7. In the Pickle

The metal will be discolored after oven treatment. In a glass or plastic container with a snug-fitting lid, prepare a home pickle: one teaspoon salt to one cup white vinegar. Use non-steel utensils when adding or removing silver from pickle. Save pickle for future use. Warm the pickle and add silver pieces, and the discoloration will disappear quickly! Remove silver and lightly polish with a soft brass wire brush and soapy water. After drying, pieces are ready for final assembly.

Bill Fretz relied on hammers and stakes to give this Argentium Fluted Cuff its mesmerizing handwrought texture. The project originally appeared in Lapidary Journal Jewelry Artist April 2011 and is now also available in the compilation 10 Sensational Silver Jewelry Making Projects Using Low-Tarnish Argentium® or Traditional Sterling. Photo: Jim Lawson

Bill Fretz relied on hammers and stakes to give this Argentium Fluted Cuff its mesmerizing handwrought texture. The project originally appeared in Lapidary Journal Jewelry Artist April 2011 and is now also available in the compilation 10 Sensational Silver Jewelry Making Projects Using Low-Tarnish Argentium or Traditional Sterling. Photo: Jim Lawson

Argentium Troubleshooting Tips

  • Working small. When working with small pieces and smaller granules, flux each piece before placing on the compressed charcoal block. Pointy tweezers will make pieces easier to handle. Add only a few pieces of wire or granules at a time. Ideally, the flux should dry thoroughly under an incandescent light before torching. As this is not always practical, lay components on an absorbent cloth or paper towel to partially dry them.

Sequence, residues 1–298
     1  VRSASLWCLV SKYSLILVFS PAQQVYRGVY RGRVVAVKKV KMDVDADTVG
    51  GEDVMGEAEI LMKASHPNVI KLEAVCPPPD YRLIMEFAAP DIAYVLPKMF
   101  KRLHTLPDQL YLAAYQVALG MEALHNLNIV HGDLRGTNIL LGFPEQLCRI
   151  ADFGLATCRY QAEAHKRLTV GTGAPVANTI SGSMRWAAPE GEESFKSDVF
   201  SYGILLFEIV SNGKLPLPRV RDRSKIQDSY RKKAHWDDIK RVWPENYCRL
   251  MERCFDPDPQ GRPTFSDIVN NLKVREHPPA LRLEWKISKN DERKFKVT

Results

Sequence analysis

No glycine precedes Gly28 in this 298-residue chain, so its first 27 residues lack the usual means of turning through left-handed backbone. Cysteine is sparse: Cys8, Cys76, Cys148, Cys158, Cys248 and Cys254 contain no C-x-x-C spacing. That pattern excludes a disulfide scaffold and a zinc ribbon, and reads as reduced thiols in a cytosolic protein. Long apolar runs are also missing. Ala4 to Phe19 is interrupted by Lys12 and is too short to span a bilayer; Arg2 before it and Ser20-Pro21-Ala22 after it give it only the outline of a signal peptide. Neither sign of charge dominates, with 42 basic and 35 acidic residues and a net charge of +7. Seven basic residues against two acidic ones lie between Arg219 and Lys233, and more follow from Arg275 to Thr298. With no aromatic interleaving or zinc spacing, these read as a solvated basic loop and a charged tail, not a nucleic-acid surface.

When torching small components and granules, you may notice that the heated flux tends to bubble up and move them out of place. Don’t panic! The pressure from the torch and the capillary action of the flux will almost always pull a component back into its intended location. Use the torch to gently blow granules into position.

Betsy Porter fusing Argentium wire for jump rings; photo courtesy of the artist

Betsy Porter fusing Argentium wire for jump rings; photo courtesy of the artist

  • Fusing wire. If a wire shape should distort after fusing, saw it off, taking care not to damage adjacent components. Carefully file the site. Then fuse on a spare component. Save the defective component for future granule-making.
  • Fusing granules. If granules are not solidly fused, they may come off during finishing and shaping. Flatten the piece with a rawhide mallet if necessary, flux, lay on absorbent cloth to air-dry, return to the charcoal block, and fuse on a new granule. To change a piece after oven hardening, first anneal and flatten it, then flux, air-dry, and return it to the charcoal block.

Betsy Porter is an architect, metalsmith, and Byzantine iconographer in Oakland and San Francisco, California. Her sales site is BetsyPorter.etsy.com, and her artist site is betsyporter.com. She first studied using Argentium Sterling Silver with Ronda Coryell. This post is adapted from her Argentium Tips in Lapidary Journal Jewelry Artist March 2012.